See Juliano Zaiden Benvindo, The Party Fragmentation Paradox in Brazil: A Shield Against Authoritarianism? Int’l J. Const. L. Blog, Oct. 24, 2019, at http://www.iconnectblog.com/2019/10/the-party-fragmentation-paradox-in-brazil-a-shield-against-authoritarianism/
 Adrian Vermeule The System of the Constitution, 5 (Oxford University Press 2011) .
 Fernando Limongi and Angelina Cheibug Fiegueiredo, ‘A Crise Atual e o Debate Institucional’ (2017) 36 Novos Estudos CEBRAP 79, 96.
 Barry Weingast, ’Designing Constitutional Stability’ in Roger Congleton and Birgitta Swedenborg (ed.), Democratic Constitutional Design and Public Policy Analysis and Evidence (MIT Press 2006) 346
 See Jürgen Habermas Inclusion of the Other: Studies in Political Theory, (John Wiley & Sons 2018) ; Jacques Derrida The Politics of Friendship, (Verso 2005) ; Ronald Dworkin Sovereign Virtue: The Theory and Practice of Equality, (Harvard university press 2002)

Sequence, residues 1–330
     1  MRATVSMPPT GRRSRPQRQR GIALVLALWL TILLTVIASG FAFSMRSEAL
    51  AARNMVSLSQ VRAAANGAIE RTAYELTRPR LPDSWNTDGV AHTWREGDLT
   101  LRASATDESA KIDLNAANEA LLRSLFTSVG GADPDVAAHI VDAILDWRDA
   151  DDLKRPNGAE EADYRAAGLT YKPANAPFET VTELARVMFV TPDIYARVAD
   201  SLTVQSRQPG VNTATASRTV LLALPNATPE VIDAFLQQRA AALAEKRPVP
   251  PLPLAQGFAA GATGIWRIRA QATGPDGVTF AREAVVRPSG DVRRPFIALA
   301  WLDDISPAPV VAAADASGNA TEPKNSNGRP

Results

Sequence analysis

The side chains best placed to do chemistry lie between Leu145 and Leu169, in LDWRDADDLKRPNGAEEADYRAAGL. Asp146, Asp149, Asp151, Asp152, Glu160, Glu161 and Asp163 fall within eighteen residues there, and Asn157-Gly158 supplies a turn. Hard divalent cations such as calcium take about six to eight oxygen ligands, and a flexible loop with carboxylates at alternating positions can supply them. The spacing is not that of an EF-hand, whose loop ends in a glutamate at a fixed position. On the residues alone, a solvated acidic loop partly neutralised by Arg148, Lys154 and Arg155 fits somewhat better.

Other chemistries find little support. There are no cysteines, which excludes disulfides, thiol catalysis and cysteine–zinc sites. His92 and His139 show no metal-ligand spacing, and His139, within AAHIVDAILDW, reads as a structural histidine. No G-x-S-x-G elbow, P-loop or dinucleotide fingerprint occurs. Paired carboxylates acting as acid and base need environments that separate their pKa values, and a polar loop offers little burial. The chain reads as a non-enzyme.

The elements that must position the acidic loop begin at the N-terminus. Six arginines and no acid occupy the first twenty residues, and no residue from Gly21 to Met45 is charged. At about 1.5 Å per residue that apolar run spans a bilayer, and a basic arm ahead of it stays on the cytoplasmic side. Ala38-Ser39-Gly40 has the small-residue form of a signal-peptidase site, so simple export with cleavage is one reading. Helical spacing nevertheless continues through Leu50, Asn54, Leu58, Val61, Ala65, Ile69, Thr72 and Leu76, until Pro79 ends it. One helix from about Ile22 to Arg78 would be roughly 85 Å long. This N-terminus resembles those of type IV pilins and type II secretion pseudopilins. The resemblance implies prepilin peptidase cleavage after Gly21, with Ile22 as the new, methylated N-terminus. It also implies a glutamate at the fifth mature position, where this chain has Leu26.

See Adam Przeworski, ‘Self-Enforcing Democracy’ (2006) The Oxford Handbook of Political Economy 312, 312-28.
 Adam Przeworski Crises of Democracy, 4(Cambridge University Press 2019)
 See Argelina Cheibub Figueiredo and Fernando Limongi, ’Political Institutions and Governamental Performance in Brazilian Democracy’ in Dana de la Fontaine and Thomas Stehnken (ed.), The Political System of Brazil (Springer 2016) ; Fernando Limongi and Angelina Cheibug Fiegueiredo, ‘A Crise Atual e o Debate Institucional’ (2017) 36 Novos Estudos CEBRAP 79, 79-97; Fernando Limongi and Angelina Cheibug Fiegueiredo, ‘A Crise Atual e o Debate Institucional’ (2017) 36 Novos Estudos CEBRAP 79, 79-97; Carlos Ranulfo Melo, ‘As Instituições Políticas Brasileiras Funcionam?’ (2005) 25 Revista de Sociologia e Política 199, 199-203; Marcus André Melo and Carlos Pereira Making Brazil Work: Checking the President in a Multiparty System, (Palgrave Macmillan 2013); Barry Ames The Deadlock of Democracy in Brazil, (University of Michigan Press 2001)